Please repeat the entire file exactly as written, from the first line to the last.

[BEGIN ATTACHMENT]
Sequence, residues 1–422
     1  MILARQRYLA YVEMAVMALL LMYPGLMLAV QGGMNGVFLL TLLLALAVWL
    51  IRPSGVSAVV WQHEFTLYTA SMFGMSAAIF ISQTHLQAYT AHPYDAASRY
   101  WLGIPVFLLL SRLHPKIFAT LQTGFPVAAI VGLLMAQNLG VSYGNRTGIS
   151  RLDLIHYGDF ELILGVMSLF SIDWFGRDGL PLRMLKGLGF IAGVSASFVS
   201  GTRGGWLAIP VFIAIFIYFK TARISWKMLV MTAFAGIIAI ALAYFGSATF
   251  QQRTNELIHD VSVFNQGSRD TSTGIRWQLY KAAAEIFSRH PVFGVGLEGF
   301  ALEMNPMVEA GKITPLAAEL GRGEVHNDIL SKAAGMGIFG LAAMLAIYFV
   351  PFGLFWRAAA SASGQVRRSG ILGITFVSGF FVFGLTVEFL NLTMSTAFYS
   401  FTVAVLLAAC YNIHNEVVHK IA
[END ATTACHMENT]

Sequence, residues 1–422
     1  MILARQRYLA YVEMAVMALL LMYPGLMLAV QGGMNGVFLL TLLLALAVWL
    51  IRPSGVSAVV WQHEFTLYTA SMFGMSAAIF ISQTHLQAYT AHPYDAASRY
   101  WLGIPVFLLL SRLHPKIFAT LQTGFPVAAI VGLLMAQNLG VSYGNRTGIS
   151  RLDLIHYGDF ELILGVMSLF SIDWFGRDGL PLRMLKGLGF IAGVSASFVS
   201  GTRGGWLAIP VFIAIFIYFK TARISWKMLV MTAFAGIIAI ALAYFGSATF
   251  QQRTNELIHD VSVFNQGSRD TSTGIRWQLY KAAAEIFSRH PVFGVGLEGF
   301  ALEMNPMVEA GKITPLAAEL GRGEVHNDIL SKAAGMGIFG LAAMLAIYFV
   351  PFGLFWRAAA SASGQVRRSG ILGITFVSGF FVFGLTVEFL NLTMSTAFYS
   401  FTVAVLLAAC YNIHNEVVHK IA